Warning: SPOILERS for Watchmen Episode 6
HBO's Watchmen series is now its' sixth episode, with the whole series already containing several of references and easter eggs to the popular comic book story. Knowing just how many Watchmen Easter Eggs have been found already, the television series shows no signs of stopping.
Episode 6, "This Extraordinary Being," reveals the history of Angela Abar's grandfather Will Reeves, as well as the true origins of the Watchmen universe's first masked crime fighter. Here are all the references, hidden secrets, and Easter Eggs fans won't want to miss while processing the bombshells dropped in this latest episode.
7. Moloch the Magnificent
During the first scene from American Hero Story, Hooded Justice is being interrogated by two government men. While they interrogate him, they mention villains that the Minutemen have already taken down: King Mob, Captain Axis, and Moloch. While the first two were only mentioned in the original Watchmen comic book, Moloch was actually seen in the story a handful of significant times. Moloch's real name was Walter Jacobi, who used to work as a magician before turning to a life of crime. However, he had retired by the time the comic takes place (allowing him to play a different role for both The Comedian and Rorschach... revealing too much, in the end).
6. Amos N' Andy
Because Angela Abar takes her grandfather's Nostalgia pills, she experiences his memories as if they were her own. As a result, much of Will Reeves history is revealed to both her and the audience. Having grown up away from Tulsa, Will Reeves becomes a police officer. When he witnesses a man light a Jewish deli on fire, he attempts to arrest the man -- who is more concerned with getting home to watch Amos N' Andy. The modern viewer won't know that the popular radio show at the time is infamous for having white actors voice two black men (eventually becoming another subject of criticism for racist archetypes).
5. "This Extraordinary Being"
The title for Episode 6 is "This Extraordinary Being," which is a reference to the original story itself. "This Extraordinary Being" is a line from the biography written by the original Nite-Owl (not Dan Dreiberg), chronicling his years of crimefighting. In that memoir, Hooded Justice is mentioned in the context of the now famous general store scene, which is seen twice in the HBO series: once in an earlier episode in its heavily stylized Zack Snyder-esque form, as well as later on in this episode as it really happened.
4. Look, on That Comic Book, It's Superman!
After Will books the man at the precinct, he's walking down the street the next day only to have the same man bump into him, having been released with no incident. However, just before being bumped, Will is shown asking a newspaper vendor about the comic book he's reading, and if it beats the news. Remarkably, the cover is Action Comics #1, the first appearance of Superman! This probably eliminates any hopes, however slim they were, for a live action crossover event with DC characters akin to Doomsday Clock.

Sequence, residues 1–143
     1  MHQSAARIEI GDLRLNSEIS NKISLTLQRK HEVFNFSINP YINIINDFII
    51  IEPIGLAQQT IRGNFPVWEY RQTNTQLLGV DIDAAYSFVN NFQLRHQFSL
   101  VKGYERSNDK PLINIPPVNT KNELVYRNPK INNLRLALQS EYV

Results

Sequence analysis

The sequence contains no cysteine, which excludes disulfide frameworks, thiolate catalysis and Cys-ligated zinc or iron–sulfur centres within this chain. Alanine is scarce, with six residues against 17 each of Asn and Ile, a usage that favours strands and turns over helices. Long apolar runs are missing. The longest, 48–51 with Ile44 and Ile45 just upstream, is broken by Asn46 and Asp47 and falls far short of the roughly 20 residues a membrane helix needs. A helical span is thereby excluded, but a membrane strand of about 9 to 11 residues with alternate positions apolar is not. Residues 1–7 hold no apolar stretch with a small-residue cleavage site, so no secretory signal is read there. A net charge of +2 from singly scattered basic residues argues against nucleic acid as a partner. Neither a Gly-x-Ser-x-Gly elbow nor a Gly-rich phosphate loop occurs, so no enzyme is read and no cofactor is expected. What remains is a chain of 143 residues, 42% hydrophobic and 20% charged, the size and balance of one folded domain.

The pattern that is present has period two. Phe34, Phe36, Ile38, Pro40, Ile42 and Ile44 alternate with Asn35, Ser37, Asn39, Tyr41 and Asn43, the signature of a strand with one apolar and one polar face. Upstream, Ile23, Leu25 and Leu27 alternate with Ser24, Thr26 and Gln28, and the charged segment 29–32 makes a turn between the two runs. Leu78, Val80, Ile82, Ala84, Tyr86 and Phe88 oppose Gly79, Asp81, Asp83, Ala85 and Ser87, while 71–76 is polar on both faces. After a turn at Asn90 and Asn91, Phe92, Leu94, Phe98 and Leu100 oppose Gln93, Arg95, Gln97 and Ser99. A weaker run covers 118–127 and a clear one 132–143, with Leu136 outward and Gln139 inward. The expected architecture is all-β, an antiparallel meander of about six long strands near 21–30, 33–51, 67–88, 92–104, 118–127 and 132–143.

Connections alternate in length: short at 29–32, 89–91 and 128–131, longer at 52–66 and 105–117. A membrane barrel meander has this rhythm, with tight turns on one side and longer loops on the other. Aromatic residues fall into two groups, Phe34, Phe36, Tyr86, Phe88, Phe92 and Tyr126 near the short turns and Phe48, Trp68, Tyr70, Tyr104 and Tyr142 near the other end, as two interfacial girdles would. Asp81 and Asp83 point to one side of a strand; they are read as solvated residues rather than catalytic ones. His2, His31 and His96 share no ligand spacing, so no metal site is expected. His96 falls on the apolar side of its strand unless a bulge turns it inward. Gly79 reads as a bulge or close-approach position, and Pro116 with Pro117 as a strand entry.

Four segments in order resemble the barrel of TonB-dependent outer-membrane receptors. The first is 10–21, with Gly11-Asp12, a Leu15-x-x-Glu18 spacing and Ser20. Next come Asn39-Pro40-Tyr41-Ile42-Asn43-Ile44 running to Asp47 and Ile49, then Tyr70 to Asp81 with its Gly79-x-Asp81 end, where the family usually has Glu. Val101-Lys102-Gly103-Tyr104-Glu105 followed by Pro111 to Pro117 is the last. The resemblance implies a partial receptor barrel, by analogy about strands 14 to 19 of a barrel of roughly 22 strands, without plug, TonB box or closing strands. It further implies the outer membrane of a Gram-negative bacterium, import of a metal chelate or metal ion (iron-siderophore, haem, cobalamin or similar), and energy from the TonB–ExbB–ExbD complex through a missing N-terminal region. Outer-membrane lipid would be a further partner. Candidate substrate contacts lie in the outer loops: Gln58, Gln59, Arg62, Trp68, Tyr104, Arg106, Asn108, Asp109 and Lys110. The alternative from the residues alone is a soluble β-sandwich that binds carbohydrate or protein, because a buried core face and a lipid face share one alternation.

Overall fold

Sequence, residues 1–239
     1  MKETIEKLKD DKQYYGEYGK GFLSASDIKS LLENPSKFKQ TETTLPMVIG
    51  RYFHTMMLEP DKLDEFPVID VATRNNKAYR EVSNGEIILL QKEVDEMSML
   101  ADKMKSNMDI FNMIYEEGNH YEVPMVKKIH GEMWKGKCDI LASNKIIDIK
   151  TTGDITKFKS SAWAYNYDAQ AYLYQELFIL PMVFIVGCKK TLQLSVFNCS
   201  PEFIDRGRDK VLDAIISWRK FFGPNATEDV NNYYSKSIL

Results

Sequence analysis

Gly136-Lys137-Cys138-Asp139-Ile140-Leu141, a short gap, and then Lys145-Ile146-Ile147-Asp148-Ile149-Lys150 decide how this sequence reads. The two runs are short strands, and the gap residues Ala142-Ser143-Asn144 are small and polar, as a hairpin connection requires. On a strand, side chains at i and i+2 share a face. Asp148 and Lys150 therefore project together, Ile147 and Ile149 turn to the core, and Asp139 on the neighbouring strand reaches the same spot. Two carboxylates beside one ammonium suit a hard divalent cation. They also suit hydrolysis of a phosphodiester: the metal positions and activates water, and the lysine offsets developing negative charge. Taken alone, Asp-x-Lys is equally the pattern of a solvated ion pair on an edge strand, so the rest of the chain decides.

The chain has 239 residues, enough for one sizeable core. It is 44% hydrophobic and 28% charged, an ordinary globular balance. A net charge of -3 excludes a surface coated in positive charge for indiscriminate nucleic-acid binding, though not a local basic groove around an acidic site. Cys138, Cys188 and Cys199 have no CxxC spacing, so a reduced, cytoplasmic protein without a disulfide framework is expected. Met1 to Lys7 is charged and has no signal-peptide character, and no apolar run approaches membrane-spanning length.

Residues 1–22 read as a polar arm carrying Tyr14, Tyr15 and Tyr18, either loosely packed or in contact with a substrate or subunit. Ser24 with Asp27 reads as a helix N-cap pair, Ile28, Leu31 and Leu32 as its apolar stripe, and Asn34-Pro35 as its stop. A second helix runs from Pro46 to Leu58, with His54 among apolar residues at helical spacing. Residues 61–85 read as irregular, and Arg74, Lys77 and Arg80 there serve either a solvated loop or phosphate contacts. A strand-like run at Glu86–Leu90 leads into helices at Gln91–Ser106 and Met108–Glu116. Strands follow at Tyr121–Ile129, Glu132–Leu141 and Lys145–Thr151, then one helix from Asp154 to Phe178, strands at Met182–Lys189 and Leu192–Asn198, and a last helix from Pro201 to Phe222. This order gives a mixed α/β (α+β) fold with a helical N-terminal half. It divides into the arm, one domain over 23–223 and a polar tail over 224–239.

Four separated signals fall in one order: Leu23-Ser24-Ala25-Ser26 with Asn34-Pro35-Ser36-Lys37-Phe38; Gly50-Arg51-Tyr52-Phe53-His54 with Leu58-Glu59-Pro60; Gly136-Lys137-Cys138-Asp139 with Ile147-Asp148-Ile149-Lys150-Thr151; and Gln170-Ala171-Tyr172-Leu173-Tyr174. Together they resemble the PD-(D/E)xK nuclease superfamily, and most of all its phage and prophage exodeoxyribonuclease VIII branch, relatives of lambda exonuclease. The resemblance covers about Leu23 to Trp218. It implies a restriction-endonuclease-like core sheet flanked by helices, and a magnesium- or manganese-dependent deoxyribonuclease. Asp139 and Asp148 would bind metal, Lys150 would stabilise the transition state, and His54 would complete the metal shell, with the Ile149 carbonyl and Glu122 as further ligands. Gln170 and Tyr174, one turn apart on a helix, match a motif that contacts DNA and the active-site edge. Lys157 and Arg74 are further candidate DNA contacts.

It's worth noting since pirate comics like The Black Freighter generally take the place of Batman in the Watchmen world, and have already been featured in several Watchmen Easter Eggs already. As the vendor is talking about the boy in the comic being sent away from his planet and parents for safety, Will receives flashes of his own youth, being given the same second chance. It's an amazing comparison being made, seeing as how Will Reeves soon becomes Hooded Justice -- the first superhero to appear in the Watchmen universe, just as Superman is the first hero in DC's.
After being attacked and temporarily hanged as a threat, Will takes the hood, and the noose, and keeps them on -- just as he hears a cry for help, rescuing a couple from being attacked. When the rescue is reported in the news, Will is referred to as a masked hero, beginning his career as Hooded Justice. After taking out several Klan members, Will's fight takes him to the front of the general store, where a large bin of lettuce is displayed. It's easy to miss, but considering how prominently lettuce featured in the first episode, tied to a member from the Seventh Kalvary, the literal link between racial violence of yesterday and the present day shouldn't be overlooked.
2. In and Out of the Window
Will also wears white makeup around his eyes to make others think he's Caucasian, helping him to be widely accepted. This explains why the Hooded Justice seen in American Hero Story is revealed to be white, as that was the general perception due to his never taking the mask off in public. However, there's an even smaller difference that further highlights the discrepancies between the dramatized depiction on the show and what actually happened to Will. While the AHS version shows Hooded Justice jumping into the general store via the window and starting a fight, the actual events see Justice jumping out of the window afterwards. It's a small difference, but it continues to show just how wrong the drama gets it.
1. Dollar Bill
During the press conference, Captain Metropolis unveils a poster from their sponsor National Bank, featuring the bank's hired hero, Dollar Bill. While an actual member of the Minutemen as referenced in the comic story, Dollar Bill was more of just a sponsored mascot for bank to make their customers feel more secure. Unfortunately, the poster features Bill apprehending yet another racist depiction of a black man, further adding to the notion that the Minutemen have no interest in protecting or caring about the people and issue Hooded Justice wants to solve.
Expect to see plenty more Watchmen Easter egg breakdowns with each new episode! And if there are any we've missed, be sure to let us know in the comments.